Western University posted an image on Instagram showing two women in hijabs about to kiss then deleted after being deemed “inappropriate” by the Muslim community.
On Tuesday, social media was lit up with posts marking “International Day Against Homophobia, Transphobia, and Biphobia,” also known as “IDAHOTB.”
Like most of the posts it was a diverse image with a wide range of people. There was a person with disabilities, a inter racial gay couple and two women in hijabs about to kiss each other.
The two ladies leaning in to kiss drew anger from the London, Ontario Muslim community, leading the university to delete the post.
local Muslim leader Iman Abd Alfatah Twakkal called the image “inappropriate,” and said the community was drafting a response according to the National Post
“We respect the human rights of everyone as protected under Ontario’s human rights bill,” Twakkal said. “While we appreciate that the intent is to promote inclusion, the poster is doing the opposite. Singling a Muslim religious symbol in that setting is inappropriate.”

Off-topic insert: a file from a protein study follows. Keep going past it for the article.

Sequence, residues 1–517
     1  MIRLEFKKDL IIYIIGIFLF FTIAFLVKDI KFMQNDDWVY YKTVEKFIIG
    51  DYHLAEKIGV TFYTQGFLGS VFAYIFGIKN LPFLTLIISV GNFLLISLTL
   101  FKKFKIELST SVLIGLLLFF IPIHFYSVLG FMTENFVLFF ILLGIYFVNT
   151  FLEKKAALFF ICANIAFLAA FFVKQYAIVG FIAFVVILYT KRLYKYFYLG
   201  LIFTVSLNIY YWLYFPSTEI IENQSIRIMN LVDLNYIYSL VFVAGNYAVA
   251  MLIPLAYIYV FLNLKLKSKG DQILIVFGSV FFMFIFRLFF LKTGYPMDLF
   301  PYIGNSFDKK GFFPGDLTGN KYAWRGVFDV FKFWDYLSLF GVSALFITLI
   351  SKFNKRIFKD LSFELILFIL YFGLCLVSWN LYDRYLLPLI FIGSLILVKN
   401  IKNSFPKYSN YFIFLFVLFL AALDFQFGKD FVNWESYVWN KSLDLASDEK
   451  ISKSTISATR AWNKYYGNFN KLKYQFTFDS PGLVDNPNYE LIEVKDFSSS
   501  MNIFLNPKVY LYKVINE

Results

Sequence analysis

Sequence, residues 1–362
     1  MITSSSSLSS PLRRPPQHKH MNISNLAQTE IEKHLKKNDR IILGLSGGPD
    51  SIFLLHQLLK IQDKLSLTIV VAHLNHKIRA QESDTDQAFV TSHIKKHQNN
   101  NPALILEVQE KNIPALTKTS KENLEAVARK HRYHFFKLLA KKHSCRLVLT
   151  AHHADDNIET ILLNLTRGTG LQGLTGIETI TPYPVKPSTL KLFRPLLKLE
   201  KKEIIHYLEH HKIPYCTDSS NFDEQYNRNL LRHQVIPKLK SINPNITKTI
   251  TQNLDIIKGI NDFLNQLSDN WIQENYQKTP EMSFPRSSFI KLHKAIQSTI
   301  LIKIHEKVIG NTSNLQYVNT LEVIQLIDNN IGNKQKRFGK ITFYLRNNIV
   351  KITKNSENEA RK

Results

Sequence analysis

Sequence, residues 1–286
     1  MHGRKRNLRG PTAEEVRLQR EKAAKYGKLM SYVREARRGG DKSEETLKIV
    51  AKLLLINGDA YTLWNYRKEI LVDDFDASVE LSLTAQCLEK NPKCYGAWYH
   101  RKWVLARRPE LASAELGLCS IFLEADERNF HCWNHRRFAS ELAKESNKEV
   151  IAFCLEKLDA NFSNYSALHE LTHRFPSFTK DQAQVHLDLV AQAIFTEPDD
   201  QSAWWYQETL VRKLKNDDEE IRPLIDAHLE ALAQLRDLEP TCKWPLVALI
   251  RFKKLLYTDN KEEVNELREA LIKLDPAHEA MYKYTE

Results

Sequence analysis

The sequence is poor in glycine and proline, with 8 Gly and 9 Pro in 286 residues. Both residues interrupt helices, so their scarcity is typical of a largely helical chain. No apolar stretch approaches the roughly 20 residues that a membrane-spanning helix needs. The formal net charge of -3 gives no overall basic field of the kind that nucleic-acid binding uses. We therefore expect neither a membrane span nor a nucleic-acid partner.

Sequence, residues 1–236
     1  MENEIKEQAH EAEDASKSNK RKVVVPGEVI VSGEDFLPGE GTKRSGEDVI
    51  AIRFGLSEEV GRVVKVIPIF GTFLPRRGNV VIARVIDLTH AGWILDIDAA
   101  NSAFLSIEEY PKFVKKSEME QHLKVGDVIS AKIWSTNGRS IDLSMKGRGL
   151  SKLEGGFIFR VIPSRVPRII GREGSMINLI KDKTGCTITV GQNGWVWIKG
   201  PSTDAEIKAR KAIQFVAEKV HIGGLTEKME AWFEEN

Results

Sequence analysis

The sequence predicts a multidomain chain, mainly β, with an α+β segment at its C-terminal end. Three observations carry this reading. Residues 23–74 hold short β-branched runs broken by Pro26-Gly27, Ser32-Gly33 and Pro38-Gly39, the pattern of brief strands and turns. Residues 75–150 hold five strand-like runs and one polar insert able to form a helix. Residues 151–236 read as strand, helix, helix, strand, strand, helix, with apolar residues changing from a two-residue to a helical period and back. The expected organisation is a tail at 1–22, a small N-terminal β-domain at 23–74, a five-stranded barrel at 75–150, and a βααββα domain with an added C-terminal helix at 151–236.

National Post reported a petition was created and signed by 2,000 people.
“It should be made clear that this is not an attack on the LGBT+ community, and the existence of queer Muslims is acknowledged,” the petition noted, adding that what was portrayed in the post was “extremely disrespectful, insensitive and completely imperceptive to the Muslim community at large.”
Islam strictly forbids homosexuality and it is still a major taboo amongst the Muslim community even in Canada.
Western University’s equity, diversity, and inclusion authorities issued their own statement, explaining why they had decided to delete the post.
“We believe this presents an opportunity for genuine, thoughtful discussion about how we can best support members of the Queer Muslim community, and those from all faiths and backgrounds within the 2SLGBTQ+ community,” said equity leader Opiyo Oloya.
“In order to promote that discussion, we have removed the image from the post to not distract from these important conversations.”